Date of this Version
Environmental Studies Undergraduate Student Thesis, University of Nebraska-Lincoln, 2020.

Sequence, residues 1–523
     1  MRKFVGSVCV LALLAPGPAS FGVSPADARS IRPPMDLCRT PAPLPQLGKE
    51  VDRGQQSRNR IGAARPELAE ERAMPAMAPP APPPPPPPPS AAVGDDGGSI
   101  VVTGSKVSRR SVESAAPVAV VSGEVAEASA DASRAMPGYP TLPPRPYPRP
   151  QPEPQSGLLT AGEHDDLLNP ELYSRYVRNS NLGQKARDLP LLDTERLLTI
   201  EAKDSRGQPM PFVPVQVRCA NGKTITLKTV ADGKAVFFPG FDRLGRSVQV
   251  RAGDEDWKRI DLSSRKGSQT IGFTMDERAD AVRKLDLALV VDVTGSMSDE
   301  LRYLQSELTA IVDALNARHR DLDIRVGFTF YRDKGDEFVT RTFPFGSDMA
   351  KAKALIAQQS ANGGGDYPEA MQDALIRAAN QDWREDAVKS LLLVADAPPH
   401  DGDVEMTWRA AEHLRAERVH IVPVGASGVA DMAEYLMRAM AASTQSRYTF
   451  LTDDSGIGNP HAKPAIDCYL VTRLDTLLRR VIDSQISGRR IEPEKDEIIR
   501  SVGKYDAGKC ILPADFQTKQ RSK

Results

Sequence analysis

The Gray Wolf (Canis Lupus) is a keystone species that have significant impacts on the ecosystem where they belong. They used to have a wide range of habitat across the whole of North America. In 1960, the wolves were treated as threats to the safety of humans and livestock. They were wiped out by the government of the day and only had few populations left in Minnesota and Michigan. Today, there are identified in the “Red List) of International Union for Conservation of Nature as endangered species all around the U.S. This shows the urgent need for conservation, recovery, and management of the gray wolf and their habitats. The objectives of this research were to determine the potential habitat and management methods for the gray wolf through researching. The research studied the human impacts, landscape, population of prey, management, and monitoring methods for the gray wolf. This research analyzed the information and data in annual reports from national parks and peer-reviewed articles, finding two potential locations in the United States for potential habitat expansion for Grey Wolves, with one location in the western U.S and the other in the eastern U.S. The west part of the U.S. has lower human impacts, suitable landscape, and enough prey population for the gray wolf to extend their current habitat directly. The eastern part of the U.S. has higher human effects and needs reintroduction since wolves did not survive there for a long time. The successful experience of management and monitoring methods such as the “experimental population” from the national park were analyzed as reference for future action. The found, made and explained the figures and reports helped to answer the research questions. There still are many aspects that need further research in the future. If these processes can have some actual action in the future, the population of the gray wolf can have a noticeable increase and bring benefits to their ecosystem.